Somehow I have managed to miss answering your question. Briefly-stated it is a yes and no answer. Not all the projects we have used animated characters in were scripted that way. Often we will write them into our treatments as a direction we believe is correct for the project where as other times anagency might have seen something we have done previously and want something similar.
One of my favourite projects from TM is the YTV Channel Idents. Your execution of this project was amazing. What were some special moments you can share about the project and also challenges you faced?
This was a very challenging and enjoyable project to work on for several reasons. One of the most enjoyable aspects of this project was the opportunity to develop these spots from concept, to scripting with the client, to final execution. We were briefed to create 5 second branding idents for the Canadian children’s channel, YTV. Traditionally, a channel ident’s primary purpose is to build brand recognition for the viewer to know which channel they are watching. Our approach was slightly different to the average ident though; we decided to capture the spirit and energy of their audiences’ imaginations within short stories, and then integrate the channel logo into the story-line. Hence they act more like branded entertainment pieces than a traditional logo ident.
Having written close to 20 scripts, developing character designs and their personalities concurrently, the client settled on 12 stories for final execution, and the production process started. One of the biggest challenges was making sure the stories would fit into 5 seconds while still leaving enough time for the viewer to see the channel logo. Every frame in the edit counted so we had to continuously refine the performance and cut as the project developed so that only the essential actions and emotions necessary to tell the story were left. One of the most frustrating facts of the production is the amount of energy and dedication necessary to pull these 5 second spots off was equivalent to creating 12 thirty second spots. As anybody who has experience with 3D character animation knows, once you have modeled, rigged and textured your characters properly, the animation can often flow pretty quickly in the correct hands. That being said, I also truly believe a lot of these pieces’ charm comes from how immediate the storytelling is, and they definitely allow for boredom-free repeat viewing to fully absorb the detail we built into the spots.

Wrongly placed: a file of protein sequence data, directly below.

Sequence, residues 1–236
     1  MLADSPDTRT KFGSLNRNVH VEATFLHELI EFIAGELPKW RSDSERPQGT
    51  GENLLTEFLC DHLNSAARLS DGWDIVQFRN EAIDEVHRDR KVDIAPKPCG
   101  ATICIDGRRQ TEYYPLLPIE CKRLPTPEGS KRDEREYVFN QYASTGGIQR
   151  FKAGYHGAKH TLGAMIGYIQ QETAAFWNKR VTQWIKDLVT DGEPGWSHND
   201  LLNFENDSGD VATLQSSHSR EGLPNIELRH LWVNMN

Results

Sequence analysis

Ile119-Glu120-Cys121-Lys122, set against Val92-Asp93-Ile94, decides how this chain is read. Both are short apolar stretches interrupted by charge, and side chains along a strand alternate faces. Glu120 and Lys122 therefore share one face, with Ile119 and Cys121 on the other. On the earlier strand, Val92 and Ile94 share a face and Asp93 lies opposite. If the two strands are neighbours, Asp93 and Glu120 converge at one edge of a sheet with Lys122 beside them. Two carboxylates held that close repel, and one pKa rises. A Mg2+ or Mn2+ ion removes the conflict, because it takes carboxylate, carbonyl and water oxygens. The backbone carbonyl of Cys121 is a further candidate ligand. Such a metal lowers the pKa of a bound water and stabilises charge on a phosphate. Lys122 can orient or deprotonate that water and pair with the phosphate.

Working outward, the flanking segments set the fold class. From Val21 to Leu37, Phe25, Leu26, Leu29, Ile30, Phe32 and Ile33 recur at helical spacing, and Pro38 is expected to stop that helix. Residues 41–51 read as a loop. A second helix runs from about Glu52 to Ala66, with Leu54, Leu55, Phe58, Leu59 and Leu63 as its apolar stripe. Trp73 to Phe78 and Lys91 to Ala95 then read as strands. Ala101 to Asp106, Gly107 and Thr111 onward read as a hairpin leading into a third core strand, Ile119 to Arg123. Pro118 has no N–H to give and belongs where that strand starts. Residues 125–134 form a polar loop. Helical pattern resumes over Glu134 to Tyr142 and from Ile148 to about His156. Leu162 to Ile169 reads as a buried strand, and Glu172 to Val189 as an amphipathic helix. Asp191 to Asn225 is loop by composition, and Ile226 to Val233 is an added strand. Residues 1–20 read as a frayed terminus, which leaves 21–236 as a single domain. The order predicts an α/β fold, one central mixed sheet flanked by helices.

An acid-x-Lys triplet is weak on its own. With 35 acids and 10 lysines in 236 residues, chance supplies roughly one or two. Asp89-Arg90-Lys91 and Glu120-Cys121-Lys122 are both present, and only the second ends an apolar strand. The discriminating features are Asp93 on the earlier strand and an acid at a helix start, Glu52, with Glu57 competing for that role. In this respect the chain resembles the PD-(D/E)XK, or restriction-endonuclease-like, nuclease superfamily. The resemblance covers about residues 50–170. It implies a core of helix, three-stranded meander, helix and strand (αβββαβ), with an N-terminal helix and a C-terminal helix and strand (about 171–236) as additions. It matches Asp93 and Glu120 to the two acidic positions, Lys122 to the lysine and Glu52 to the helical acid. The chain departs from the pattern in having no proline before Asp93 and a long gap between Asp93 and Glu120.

Who are your favourite musicians or bands you listen to and really like.
We are quite an eclectic bunch, so we like to have a variety of music playing in the studio every month. But generally we lean more towards lesser-known indie rock outfits. Some of our current favourites are Mumford & Sons, Chairlift, The Drums, Generationals, Riceboy Sleeps (Jonsi & Alex), and The Panics. Mixed in with a few classics, like Michael Jackson, The Traveling Wilburys, and I don’t think anyone’s music collection is complete without a bit of Bruce Springsteen.
Do you get to kick back, throw some darts or what do you do as a studio as personal interests to keep inspired?
We all have our individual means to escape the monitor, whether it is getting out of the city on a hike, playing a not so friendly game of poker, baking cupcakes, going on road trip adventures, or working on a personal art projects. Oh, and we do have families and partners who like to spend time with us too once in a while.
Any word of advice for motion designers & animators from Africa?
My advice would be to create as many beautiful, meaningful and unique pieces of work as you can and get them seen by as many eyes as possible. Entertaining stories and unique design will get you noticed. It is also better to focus on executing shorter, simpler ideas well rather than being over ambitious and ending up with an epic poo. Lastly. you have to be passionate about this career, it is definitely not a 9 to 5 job.
Wow!!! Many thanks Hilton and Robyn. What a pleasure! Kind thanks for your time.